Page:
In addition, cognitive impairment when associated with frailty lead increased risk of adverse cardiovascular outcomes including death in older adults with cardiovascular disease5. A meta-analysis with a total of 4076 participants emphasized the importance of blood pressure management as a key preventive measure in reducing age-related cognitive abnormalities before the onset of clinical dementia6. The need to improve blood pressure control as a strategy for preventing cognitive decline was also demonstrated in another study involving 7874 Chinese patients over the age of 60. Both the group of non- hypertensive patients with higher systolic pressure and the group of hypertensive patients with reduced diastolic and mean arterial pressures, as well as increased arterial pulse pressure, were associated with an accelerated rate of cognitive decline7. A systematic review analyzing 50 studies with a total of 107,405 participants further supports the introduction of early blood pressure measurement and management, even in patients without clinical hypertension, to reduce the risk of cognitive impairment typically associated with aging8.

Preliminary results from a study conducted in Brazil are alarming9, as they reveal a high prevalence of reduced intracranial compliance in long term treated hypertensive patients evaluated non- invasively with brain4care validated device10–16. These results are currently being prepared for publication and will serve as a warning to the medical community, emphasizing the need for combined monitoring of blood pressure and non- invasive intracranial pressure waveform in hypertensive patients as well as the need to review the concept of cerebral autoregulation and the vascular brain barrier capacity to protect brain tissue in blood pressure elevations. This strategy may have the potential to allow for tailored therapy for each patient, individualizing treatment and bringing more precision to clinical management, thereby increasing the chances of minimizing the risks of cerebrovascular diseases, cognitive impairments and dementia in old age.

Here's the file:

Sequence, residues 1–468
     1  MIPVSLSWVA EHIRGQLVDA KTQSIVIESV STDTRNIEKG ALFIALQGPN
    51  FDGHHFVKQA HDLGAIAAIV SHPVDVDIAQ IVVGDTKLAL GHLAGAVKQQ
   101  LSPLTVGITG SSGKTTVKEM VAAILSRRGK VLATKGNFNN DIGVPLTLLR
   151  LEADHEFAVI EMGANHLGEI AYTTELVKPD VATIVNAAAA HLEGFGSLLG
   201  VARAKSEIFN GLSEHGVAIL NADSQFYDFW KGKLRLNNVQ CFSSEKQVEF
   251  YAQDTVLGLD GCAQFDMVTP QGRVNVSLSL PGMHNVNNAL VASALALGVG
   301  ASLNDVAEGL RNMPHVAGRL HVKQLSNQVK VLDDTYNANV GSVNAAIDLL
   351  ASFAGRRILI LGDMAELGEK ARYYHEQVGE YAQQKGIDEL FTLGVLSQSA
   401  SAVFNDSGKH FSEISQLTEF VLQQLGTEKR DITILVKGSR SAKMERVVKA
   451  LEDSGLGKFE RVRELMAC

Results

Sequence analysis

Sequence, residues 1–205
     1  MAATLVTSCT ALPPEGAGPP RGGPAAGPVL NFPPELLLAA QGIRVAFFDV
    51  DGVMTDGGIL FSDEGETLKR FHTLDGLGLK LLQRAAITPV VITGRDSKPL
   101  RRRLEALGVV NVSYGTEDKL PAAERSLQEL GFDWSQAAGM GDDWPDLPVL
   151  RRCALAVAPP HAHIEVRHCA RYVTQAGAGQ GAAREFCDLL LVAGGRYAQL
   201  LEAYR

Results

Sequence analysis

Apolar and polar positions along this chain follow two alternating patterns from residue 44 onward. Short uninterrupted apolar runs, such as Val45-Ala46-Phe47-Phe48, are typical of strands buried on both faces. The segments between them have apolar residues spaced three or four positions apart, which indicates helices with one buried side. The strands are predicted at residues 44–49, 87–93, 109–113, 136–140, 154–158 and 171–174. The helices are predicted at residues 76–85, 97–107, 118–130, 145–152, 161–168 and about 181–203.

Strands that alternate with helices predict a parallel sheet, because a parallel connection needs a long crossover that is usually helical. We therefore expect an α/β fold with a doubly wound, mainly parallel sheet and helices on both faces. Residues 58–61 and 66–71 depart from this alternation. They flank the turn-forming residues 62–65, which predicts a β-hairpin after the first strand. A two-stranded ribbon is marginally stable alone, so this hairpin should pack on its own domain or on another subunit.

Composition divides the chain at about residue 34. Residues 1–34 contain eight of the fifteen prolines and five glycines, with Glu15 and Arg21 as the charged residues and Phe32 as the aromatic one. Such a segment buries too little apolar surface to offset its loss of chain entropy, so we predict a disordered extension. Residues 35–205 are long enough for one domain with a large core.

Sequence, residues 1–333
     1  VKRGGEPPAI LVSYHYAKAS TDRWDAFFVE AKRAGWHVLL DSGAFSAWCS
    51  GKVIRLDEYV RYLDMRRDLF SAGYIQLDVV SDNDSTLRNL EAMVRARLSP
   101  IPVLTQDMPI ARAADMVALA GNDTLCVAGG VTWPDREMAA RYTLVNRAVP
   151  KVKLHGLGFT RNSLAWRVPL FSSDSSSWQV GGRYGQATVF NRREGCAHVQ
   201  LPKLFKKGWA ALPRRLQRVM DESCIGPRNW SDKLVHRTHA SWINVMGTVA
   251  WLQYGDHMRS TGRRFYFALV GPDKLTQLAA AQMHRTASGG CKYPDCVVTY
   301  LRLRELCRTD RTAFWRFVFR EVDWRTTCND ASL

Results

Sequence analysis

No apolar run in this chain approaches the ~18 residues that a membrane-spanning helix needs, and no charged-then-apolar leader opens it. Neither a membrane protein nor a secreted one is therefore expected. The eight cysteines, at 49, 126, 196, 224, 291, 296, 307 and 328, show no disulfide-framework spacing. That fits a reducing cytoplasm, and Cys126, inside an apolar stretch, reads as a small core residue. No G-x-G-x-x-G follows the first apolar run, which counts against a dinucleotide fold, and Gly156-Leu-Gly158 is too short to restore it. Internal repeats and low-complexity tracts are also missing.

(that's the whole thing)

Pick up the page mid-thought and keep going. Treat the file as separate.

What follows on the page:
* In memory of Prof. Sérgio Mascarenhas.

Conflict of Interest
Gustavo Frigieri declares that he is cofounder and scientific director of brain4care.

Weimar K.S. Barroso declares that he is Brazilian National Council for Scientific and Technological Development Researcher, Grant/Award Numbers: 313481/2020-2. 
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2. Low, S. et al. 2. J. Diabetes Complications 34, 107724 (2020).
3. Li, C. et al. 3. J. Am. Coll. Cardiol. 79, 1321– 1335 (2022).
4. Hu, Y.-H. et al. Association of Early Adulthood 25- Year Blood Pressure Trajectories with Cerebral Lesions and Brain Structure in Midlife. JAMA Netw. Open 5, e221175 (2022).
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10. Mascarenhas, S. et al. The New ICP Minimally Invasive Method Shows That the Monro–Kellie Doctrine Is Not Valid. in Intracranial Pressure and Brain Monitoring XIV (eds. Schuhmann, M. U. & Czosnyka, M.) 117–120 (Springer, 2012). doi:10.1007/978-3-7091- 0956-4_21.
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13. de Moraes, F. M. et al. Waveform Morphology as a Surrogate for ICP Monitoring: A Comparison Between an Invasive and a Noninvasive Method. Neurocrit. Care 37, 219– 227 (2022).
14. Frigieri, G., Robba, C., Machado, F. S., Gomes, J. A. & Brasil, S. Application of non- invasive ICP waveform analysis in acute brain injury: Intracranial Compliance Scale. Intensive Care Med. Exp. 11, 5 (2023).
15. Fernandes, M. V. et al. Intracranial Pressure During the Development of Renovascular Hypertension. Hypertension 77, 1311–1322 (2021).
16. Brasil, S. Intracranial pressure pulse morphology: the missing link? Intensive Care Med. 48, 1667–1669 (2022).